I open my mouth, another rude outburst hanging perilously close to the end of my tongue, then pull it back in quickly when I notice something that I haven't previously. He's looking me in the eye and I stare back, really studying the dark depths before me until I see that there is another question--a larger one--behind the one he's asked me at least six times today. And that question makes me take pause because I realize that, although he may very well need pants, this whole exasperating process isn't really about clothes and complementary colors after all. Not for Bobby. For him, it's a lot more. It's about fitting in--blending in, more like--and not drawing any more attention to himself than absolutely necessary. After all, it's hard to pick out the freak in a crowd if he's dressed just like everyone else--even if he is several inches taller.
I understand Bobby a little better now, I think. The old saying "the clothes make the man" really makes sense in this context. I mean, Bobby's manner of dress certainly lends a certain authenticity and weight to his words--especially when he's trying to solve a case by whipping out some random fact to use as evidence that sounds more like a clue from last night's Jeopardy. If he wore threadbare pants, plaid shirts, and pocket protectors like a stereotypical genius, no one would listen to a word he had to say; he'd be written off as a crackpot and made fun of. But who can call a man crazy when he's dressed in Armani and looks better than everyone else in the room? (What's more, who an call a man crazy when his odd ideas are always right?)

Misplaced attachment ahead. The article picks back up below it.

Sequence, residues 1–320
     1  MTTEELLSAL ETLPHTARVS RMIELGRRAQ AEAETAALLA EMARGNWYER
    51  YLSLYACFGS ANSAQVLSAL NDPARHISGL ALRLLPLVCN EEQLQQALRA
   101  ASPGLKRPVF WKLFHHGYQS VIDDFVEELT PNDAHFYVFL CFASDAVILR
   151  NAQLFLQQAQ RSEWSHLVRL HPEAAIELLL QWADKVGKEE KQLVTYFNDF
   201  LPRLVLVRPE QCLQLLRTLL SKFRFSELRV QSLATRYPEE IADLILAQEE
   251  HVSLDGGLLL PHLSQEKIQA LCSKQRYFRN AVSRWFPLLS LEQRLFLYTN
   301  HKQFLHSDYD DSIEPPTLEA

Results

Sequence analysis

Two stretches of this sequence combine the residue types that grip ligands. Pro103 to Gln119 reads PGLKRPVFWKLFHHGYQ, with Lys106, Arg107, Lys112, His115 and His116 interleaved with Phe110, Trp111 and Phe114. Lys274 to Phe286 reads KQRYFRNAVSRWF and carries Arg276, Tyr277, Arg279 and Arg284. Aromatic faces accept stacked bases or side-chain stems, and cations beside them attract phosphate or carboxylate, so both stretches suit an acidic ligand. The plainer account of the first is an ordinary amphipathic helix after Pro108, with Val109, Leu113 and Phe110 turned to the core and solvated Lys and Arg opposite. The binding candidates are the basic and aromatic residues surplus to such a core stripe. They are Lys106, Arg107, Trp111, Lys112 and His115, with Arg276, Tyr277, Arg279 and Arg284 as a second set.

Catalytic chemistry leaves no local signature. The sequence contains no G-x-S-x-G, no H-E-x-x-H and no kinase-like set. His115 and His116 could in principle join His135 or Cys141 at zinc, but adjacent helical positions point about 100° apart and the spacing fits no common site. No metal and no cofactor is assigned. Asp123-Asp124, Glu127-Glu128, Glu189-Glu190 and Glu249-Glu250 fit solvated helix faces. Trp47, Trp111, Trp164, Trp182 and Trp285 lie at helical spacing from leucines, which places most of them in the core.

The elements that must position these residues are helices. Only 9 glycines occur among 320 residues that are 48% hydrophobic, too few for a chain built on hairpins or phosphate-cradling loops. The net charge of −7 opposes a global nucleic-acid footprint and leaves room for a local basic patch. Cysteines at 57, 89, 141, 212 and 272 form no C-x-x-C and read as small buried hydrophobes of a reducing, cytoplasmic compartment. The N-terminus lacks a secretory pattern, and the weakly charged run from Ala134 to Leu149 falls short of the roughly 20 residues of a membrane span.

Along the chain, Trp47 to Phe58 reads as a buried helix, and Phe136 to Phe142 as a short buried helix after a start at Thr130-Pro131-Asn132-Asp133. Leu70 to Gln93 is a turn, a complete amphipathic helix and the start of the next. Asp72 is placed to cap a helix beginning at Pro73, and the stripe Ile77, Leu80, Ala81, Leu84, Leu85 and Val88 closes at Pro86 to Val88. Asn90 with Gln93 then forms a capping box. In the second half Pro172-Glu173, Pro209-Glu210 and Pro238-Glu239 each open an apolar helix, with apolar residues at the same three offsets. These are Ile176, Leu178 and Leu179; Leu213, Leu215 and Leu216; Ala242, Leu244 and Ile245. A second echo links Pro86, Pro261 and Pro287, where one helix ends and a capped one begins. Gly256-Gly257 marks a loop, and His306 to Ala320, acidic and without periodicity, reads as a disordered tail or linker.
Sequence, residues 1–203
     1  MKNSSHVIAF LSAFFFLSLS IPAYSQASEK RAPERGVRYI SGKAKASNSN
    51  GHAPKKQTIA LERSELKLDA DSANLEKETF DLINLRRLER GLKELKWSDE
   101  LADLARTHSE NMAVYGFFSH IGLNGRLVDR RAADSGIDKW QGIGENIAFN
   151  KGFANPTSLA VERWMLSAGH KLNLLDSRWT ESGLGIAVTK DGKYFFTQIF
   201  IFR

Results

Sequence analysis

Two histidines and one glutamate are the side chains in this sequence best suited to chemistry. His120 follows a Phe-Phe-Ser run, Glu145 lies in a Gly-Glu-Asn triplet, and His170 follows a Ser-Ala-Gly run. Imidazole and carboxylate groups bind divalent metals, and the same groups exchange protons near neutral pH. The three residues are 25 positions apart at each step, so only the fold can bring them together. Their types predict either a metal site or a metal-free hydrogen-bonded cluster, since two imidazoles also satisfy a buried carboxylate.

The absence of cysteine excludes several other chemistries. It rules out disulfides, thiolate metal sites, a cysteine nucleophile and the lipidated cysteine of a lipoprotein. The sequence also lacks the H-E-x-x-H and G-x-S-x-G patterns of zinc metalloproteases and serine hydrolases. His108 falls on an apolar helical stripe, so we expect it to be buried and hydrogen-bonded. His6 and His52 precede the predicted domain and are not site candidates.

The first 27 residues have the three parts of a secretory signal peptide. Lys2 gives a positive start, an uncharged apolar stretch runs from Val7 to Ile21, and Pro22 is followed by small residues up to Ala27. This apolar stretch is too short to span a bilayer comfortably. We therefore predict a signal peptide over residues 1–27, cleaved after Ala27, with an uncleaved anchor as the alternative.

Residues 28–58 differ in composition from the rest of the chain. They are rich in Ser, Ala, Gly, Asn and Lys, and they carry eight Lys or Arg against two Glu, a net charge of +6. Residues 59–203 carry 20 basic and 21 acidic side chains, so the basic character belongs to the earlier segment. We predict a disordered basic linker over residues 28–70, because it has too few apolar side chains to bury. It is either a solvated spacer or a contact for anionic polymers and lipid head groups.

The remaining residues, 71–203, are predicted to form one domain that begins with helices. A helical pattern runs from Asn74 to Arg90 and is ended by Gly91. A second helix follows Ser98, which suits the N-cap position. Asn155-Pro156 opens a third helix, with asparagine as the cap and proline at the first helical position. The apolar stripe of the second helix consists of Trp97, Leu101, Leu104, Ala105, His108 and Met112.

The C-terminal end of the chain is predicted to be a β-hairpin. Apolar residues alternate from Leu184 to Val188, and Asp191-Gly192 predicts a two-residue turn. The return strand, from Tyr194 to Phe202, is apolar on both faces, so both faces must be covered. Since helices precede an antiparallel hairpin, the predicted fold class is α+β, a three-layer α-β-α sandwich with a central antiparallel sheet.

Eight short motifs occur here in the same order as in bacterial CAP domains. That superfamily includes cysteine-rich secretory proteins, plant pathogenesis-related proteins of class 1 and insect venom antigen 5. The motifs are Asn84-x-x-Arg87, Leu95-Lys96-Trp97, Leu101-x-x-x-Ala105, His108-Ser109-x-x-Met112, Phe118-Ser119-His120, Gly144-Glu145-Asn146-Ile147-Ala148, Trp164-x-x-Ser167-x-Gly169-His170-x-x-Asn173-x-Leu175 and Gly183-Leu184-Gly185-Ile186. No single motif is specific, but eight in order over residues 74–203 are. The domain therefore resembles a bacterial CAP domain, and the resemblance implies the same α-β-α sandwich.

So there's the real question--he isn't asking me if the tie and shirt go together (which they do and he knows it). He's asking me to tell him whether he's going to fit in wearing that shirt and tie, whether people will take him seriously. It isn't about fashion at all. It's about Bobby trusting me to not make him feel like a freak, to tell him the truth about whether he's making the right choices. I represent his connection to the outside world, I suppose--a world where he isn't always sure how he fits in, only that he can't live anywhere else so he has to make do. It's a pretty big weight to shoulder, but I can handle it because I care about Bobby and know that he isn't a freak--not to me, anyway. No, to me, he's brilliant--beautiful even.
Of course, I can't tell him that--not standing in line to pay at the Saks counter--so I tell him the closest thing to it:
"It's a perfect match, Bobby."
He smiles then, a sudden burst of light that makes his whole face shine, and looks so proud of himself that I can't help but smile back.
Suddenly, I don't feel like I've wasted my whole Saturday. He owes me lunch and I'm still never going shopping with him again, but it hasn't been a waste. It's even been kind of--well--fun.
"We should do this again sometime," Bobby says as we exit the store.
Okay, it wasn't that fun.
"Come on," I say by way of answer, "You're taking me to lunch."